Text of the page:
JFCDoctors-spring2012-wip3.indd 29

The Westin Grand, Vancouver, offers allsuite luxury in boutique style. Our prime location at the crossroads of trendy 433 Robson St., Vancouver, BC V6B 6L9 Yaletown and Robson streets 1-800-937-8461 puts you close to the city’s www.westingrandvancouver.com best dining, shopping, and entertainment. Rejuvenate with a few laps in the outdoor heated lap pool or a workout in the WestinWORKOUT® Gym with dazzling city views. Floor-to-ceiling windows in our suites offer wonderful views of the city and our signature Heavenly Bed® and deep soaker tubs encourage complete relaxation. Enjoy a meal at Hidden Tasting Bar & Social Lounge serving tapas style dishes and creative libations.

2/29/12 7:22:01 PM


motoring [continued]

>> host to half the Green Bay Packer home games, bratwurst tasting, a world-class zoo and art gallery—and the home of Walther’s, model railroad Mecca.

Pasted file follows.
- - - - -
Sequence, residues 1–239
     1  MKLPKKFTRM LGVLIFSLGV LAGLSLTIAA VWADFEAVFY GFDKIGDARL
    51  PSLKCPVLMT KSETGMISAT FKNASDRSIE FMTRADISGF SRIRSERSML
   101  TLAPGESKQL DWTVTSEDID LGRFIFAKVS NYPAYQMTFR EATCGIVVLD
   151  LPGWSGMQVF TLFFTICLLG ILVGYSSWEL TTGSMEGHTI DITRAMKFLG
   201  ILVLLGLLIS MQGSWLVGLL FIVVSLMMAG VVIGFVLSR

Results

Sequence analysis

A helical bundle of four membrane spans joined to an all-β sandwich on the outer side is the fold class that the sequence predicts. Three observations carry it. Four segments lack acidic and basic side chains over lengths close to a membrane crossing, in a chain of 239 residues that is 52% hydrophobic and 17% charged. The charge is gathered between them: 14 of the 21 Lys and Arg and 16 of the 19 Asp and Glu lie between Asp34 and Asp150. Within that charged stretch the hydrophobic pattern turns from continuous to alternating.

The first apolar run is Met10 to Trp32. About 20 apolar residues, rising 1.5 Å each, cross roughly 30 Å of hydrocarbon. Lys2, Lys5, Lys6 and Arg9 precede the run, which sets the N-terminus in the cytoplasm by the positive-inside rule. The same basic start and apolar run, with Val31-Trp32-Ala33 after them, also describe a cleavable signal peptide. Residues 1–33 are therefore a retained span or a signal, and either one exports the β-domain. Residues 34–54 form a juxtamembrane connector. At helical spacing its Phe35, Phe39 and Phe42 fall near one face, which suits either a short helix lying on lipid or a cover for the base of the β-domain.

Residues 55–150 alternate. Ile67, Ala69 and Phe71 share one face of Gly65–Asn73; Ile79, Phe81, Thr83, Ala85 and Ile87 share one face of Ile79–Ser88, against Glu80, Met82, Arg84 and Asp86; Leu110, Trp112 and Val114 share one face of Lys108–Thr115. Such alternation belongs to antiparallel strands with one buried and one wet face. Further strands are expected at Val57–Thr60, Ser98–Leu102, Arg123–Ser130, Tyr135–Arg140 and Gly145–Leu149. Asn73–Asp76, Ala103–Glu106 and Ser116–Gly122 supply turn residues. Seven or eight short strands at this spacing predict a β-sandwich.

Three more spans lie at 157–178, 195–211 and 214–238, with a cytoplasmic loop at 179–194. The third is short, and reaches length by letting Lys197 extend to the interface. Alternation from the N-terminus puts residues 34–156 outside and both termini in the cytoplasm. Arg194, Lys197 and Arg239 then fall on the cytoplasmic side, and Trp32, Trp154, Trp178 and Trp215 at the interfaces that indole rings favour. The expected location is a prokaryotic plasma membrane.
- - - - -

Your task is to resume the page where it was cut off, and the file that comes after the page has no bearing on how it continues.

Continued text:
INDIANAPOLIS 500 (Indianapolis, Indiana) The Indianapolis Motor Speedway was also a product of the dynamic first decade of

tended Le Mans I was still astounded by the Indy crowd, pomp, circumstance, tradition (including military and collegiate), and outright hoopla. The almost-religious following also impresses. One Philadelphian fan I met had faithfully attended 48 Indy 500s. (Word to Road the wise: Bring sunAmerica in Elkhart Lake, screen and earplugs,

Indy. The size of the winner’s prize is one of the reasons…$2,567,255 in 2011. Leaders are turning 220 – 225 mph laps of the 2.5 mile track in roughly 40 seconds, so the drama unfolds quickly in front of you. I saw a great race with drivers from 13 different coun-

Wisconsin.

The curators have hit the sweet spot of showcasing over 100 years of technical innovations

Get your Harley fix at the Milwaukee museum.